• • On a weekend day, do a practice ride. Map out your test route. See how long it takes you to pack up your bike and pedal to work. Then plan accordingly and know what time you’ll need to get up and not feel totally rushed.
  • • Enlist an office mate to ride with you. Coordinate a meeting place and ride together. When you have someone counting on you, you’re more likely to ride. Once your other office mates see you riding, they might be enticed to join in, too.
  • • Check if your city has a bicycle and pedestrian coordinator on staff. Then ask him/her for bicycle maps and best commuting routes for two wheels.

REI Novara Gotham $1,299; rei.com

Gear: The Basics

You’ve committed to commute, but what bike should you ride? You can convert one of your old bikes into a commuter (see below) or treat yourself to a commuter-specific ride

When shopping, look for the following features:

  • • Low equipment maintenance. Bike has a belt drive (no greasy chain to deal with); internal hubs (easy shifting from gear to gear); and built-in lights front and back that charge when you’re pedaling (no batteries required).
  • • Comfortable to ride. Bike isn’t too heavy, seat is cushy, and frame has a step-through design for easy on and off.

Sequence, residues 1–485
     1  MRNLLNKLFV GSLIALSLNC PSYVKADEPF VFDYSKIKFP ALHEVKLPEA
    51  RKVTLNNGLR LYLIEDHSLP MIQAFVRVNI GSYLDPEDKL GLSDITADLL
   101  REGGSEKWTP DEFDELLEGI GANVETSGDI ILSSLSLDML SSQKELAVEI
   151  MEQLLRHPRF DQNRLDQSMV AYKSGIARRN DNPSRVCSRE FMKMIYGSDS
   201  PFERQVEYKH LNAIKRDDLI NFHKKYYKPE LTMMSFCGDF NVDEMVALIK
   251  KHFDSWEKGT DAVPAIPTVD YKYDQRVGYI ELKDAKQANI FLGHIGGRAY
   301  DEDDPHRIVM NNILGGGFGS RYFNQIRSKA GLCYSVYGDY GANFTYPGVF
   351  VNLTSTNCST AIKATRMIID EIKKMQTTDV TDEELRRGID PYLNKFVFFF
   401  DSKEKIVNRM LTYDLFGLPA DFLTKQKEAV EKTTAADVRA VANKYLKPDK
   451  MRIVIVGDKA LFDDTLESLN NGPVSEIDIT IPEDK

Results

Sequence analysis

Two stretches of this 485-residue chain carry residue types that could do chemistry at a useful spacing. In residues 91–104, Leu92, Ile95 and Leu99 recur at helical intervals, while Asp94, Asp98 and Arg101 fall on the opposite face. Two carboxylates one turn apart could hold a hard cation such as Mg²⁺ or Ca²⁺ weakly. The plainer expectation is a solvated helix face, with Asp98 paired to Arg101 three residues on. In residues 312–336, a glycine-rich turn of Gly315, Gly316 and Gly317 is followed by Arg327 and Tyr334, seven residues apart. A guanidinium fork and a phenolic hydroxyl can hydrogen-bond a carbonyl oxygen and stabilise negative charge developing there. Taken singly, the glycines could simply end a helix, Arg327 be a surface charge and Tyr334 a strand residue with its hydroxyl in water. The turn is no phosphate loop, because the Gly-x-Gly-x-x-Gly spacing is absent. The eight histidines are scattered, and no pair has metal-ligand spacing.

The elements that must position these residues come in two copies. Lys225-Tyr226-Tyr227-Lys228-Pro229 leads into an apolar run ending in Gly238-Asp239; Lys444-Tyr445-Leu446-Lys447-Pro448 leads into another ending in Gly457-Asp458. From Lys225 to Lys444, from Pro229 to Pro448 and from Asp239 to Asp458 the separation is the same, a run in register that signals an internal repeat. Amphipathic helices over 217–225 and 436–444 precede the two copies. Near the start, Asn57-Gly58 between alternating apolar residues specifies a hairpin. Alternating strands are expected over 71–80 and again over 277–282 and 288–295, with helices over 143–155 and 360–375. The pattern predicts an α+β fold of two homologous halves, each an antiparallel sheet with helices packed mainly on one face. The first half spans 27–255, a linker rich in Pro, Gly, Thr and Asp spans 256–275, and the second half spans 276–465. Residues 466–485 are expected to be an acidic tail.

• • Protection. Fenders to protect from spray on wet roads, and chain guard to protect legs and pants from grease.
  • • Storage. Comes with rack for panniers or baskets.

Work in a city? Want to take your bike on the subway? Want to store your bike in the office? Live in a small space? If you answered yes to any or all of the above, consider a more compact foldable bike.

  • • Has 24″ wheels (standard mountain bike is 26″) and internal hubs for easy shifting
  • • Unfold/fold time: 10 seconds
  • • Weight: 31 pounds
  • • Comes with a rear rack

Panniers

The best way to carry your laptop, tablet, lunch, workout clothes, etc. is with panniers. Why get all sweaty with a pack on your back?

OPTIONS:

Ortlieb Pelican. 100 percent waterproof, easy buckle closure, removable padded shoulder strap. $150/bag; ortlieb.com

Hang a Cyclelogical Mento ($50) sturdy, reflective grocery pannier on one side and a Minima ($40) reflective tote (turns into a purse!) on the other side. cyclelogicalgear.com

Create a Commuter

Have an old road or mountain bike? Turn it into a commuter. Just add the following:

Rack. Urbana’s RNR boasts unbeatable compatibility with any mounting point-seatpost combination and, made of steel, is strong enough a load up to 150 pounds. urbanabikes.com

Fenders. Keep your front and bottom dry from dirty road spray. Planet Bike offers an array of options. planetbike.com

Headlight. Light & Motion’s Urban 500 is as bright as they come with 180 degrees of amazing visibility and multiple settings. Recharge light warns when power is low. Big plus: It’s easy to take on and off your bike. $159; bikelights.com